IN THE SPOTLIGHT: Workplace Safety
A safe workplace is sound business. By keeping staff safe, associations and MLSs can reduce the risk of worker compensation claims can foster a positive and safe work environment.
Employers have a legal responsibility to provide a workplace that is safe and free from serious, recognized hazards that are likely to cause serious physical harm. Workplaces must comply with the standards, rules and regulations issued by OSHA and any applicable state agency.
To ensure OSHA compliance, a good first step is engaging in a risk assessment to identify any known or serious hazards in the workplace. Working with a local expert can help identify hazards, and provide vulnerability assessments and risk mitigation strategies. Human-caused hazards like crime and workplace violence can be more difficult to predict.
The National Institute for Occupational Safety and Health (NIOSH) defines workplace violence as the act or threat of violence, ranging from verbal abuse to physical assaults, directed toward people at work or on duty.
In 2017, OSHA concluded that failure to recognize workplace violence hazards could violate the general duty clause. Therefore, in addition to the physical safety of the conditions an employee works in, associations should also think about what measures they can take to be proactive about the potential for other threats to employees’ safety, including workplace violence.
OSHA has determined that threats of workplace violence arise from crime; individuals served by the business such as members; current and former employees; and individual connected with employees.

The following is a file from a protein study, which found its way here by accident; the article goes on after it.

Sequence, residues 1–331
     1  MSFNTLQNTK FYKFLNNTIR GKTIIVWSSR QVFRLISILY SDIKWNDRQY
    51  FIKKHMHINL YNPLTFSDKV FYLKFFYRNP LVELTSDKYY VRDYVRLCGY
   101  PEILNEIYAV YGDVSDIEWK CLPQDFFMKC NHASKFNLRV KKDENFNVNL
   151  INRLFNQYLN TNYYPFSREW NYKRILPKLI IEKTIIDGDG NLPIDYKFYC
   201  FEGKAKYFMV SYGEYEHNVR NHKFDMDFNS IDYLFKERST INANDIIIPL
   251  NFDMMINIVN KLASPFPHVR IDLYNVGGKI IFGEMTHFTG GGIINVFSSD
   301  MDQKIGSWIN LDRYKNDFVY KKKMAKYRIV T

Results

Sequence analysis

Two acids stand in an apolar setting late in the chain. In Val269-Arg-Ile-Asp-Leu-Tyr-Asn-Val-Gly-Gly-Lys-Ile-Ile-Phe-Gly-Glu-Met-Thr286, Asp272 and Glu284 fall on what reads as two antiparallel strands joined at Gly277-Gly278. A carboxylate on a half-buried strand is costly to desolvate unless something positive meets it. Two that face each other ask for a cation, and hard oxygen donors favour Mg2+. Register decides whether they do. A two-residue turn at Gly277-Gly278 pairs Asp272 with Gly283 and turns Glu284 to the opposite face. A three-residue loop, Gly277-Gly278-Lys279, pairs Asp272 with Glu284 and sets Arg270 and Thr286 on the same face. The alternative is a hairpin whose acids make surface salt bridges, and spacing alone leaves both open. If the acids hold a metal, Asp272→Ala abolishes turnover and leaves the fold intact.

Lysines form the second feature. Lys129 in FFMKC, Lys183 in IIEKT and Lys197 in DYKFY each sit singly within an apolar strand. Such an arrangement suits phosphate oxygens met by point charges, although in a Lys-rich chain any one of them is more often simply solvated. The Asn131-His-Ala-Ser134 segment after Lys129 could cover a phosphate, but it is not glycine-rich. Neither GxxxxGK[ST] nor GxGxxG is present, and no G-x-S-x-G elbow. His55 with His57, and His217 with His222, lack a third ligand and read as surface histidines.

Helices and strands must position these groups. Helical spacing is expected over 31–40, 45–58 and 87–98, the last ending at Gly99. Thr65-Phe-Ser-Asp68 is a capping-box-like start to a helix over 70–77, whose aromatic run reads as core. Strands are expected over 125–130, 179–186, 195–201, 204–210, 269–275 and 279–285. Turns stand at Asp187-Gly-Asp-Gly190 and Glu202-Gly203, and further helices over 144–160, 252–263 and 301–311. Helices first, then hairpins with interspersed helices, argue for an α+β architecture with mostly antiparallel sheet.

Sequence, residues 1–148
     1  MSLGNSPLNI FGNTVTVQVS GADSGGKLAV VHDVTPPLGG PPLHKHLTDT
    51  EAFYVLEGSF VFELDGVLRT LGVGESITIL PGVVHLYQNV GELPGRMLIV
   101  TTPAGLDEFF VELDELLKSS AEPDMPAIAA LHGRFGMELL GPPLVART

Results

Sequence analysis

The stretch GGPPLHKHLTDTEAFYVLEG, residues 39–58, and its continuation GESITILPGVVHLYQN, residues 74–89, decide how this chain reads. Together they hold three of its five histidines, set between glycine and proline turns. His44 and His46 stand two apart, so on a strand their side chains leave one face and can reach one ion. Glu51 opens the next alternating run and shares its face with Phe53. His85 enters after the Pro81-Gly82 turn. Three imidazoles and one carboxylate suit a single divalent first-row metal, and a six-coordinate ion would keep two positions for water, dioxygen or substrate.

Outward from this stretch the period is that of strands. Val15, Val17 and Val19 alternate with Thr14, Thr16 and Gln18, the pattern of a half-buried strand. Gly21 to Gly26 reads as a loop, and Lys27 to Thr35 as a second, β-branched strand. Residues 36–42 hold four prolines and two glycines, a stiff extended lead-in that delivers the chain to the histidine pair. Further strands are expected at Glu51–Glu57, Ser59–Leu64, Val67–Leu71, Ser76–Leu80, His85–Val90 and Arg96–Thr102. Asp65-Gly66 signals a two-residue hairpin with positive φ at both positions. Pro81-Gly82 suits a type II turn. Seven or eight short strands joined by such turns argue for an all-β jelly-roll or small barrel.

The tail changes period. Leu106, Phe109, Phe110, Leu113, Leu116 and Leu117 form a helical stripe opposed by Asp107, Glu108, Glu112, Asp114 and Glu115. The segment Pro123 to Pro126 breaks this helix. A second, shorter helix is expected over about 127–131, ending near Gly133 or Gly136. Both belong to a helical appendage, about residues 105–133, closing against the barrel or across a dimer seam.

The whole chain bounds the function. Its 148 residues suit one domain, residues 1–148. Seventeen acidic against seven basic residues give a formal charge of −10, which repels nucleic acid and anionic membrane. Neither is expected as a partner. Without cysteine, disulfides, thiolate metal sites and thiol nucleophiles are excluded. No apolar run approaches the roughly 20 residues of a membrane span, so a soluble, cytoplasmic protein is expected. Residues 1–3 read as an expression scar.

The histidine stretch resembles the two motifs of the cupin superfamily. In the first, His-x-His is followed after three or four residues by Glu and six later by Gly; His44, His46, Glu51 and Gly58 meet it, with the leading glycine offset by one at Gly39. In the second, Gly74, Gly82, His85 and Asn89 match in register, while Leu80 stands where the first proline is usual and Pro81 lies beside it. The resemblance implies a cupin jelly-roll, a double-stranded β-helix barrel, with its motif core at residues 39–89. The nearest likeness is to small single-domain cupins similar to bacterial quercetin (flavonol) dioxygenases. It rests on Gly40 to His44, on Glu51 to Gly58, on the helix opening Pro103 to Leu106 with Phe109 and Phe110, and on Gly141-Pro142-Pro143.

Additionally, according to OSHA guidance, these employment situations may pose higher risks of workplace violence:
- Duties that involve the exchange of money.
- Working alone or in small numbers.
- Working late at night or during early morning hours.
- Working in high-crime areas.
- Working in a location with uncontrolled public access to the workplace.
By being proactive, employers can mitigate the risk of workplace violence. Some states even require employers to create a workplace violence prevention plan, and to train their employees on the plan.
Best Practices for Workplace Safety
- Take threats seriously, and encourage staff to speak up about perceived threats.
- Install cameras around the parking lot and the building, to assist law enforcement if a crime takes place outside your building. Post signage that people are being videotaped, which can be a deterrent.
- Invite local law enforcement or a local security expert to speak with staff about safety and security overall. This can help them understand what they need to do personally and how to spot and respond to red flags.
- Review the association’s current safety policies, and consider creating a workplace violence prevention plan. If needed, consult a local security expert to develop the plan.
- Know your state’s weapon laws, and consider adding a weapon policy to association policies. Post signs at all building entrances that weapons are not allowed in the building.
- If any individual threatens violence against an employee, a director or officer, or another member, contact local law enforcement and local legal counsel for guidance.
- Consider disciplining or terminating members or employees who threaten violence, in accordance with the association’s bylaws and policies.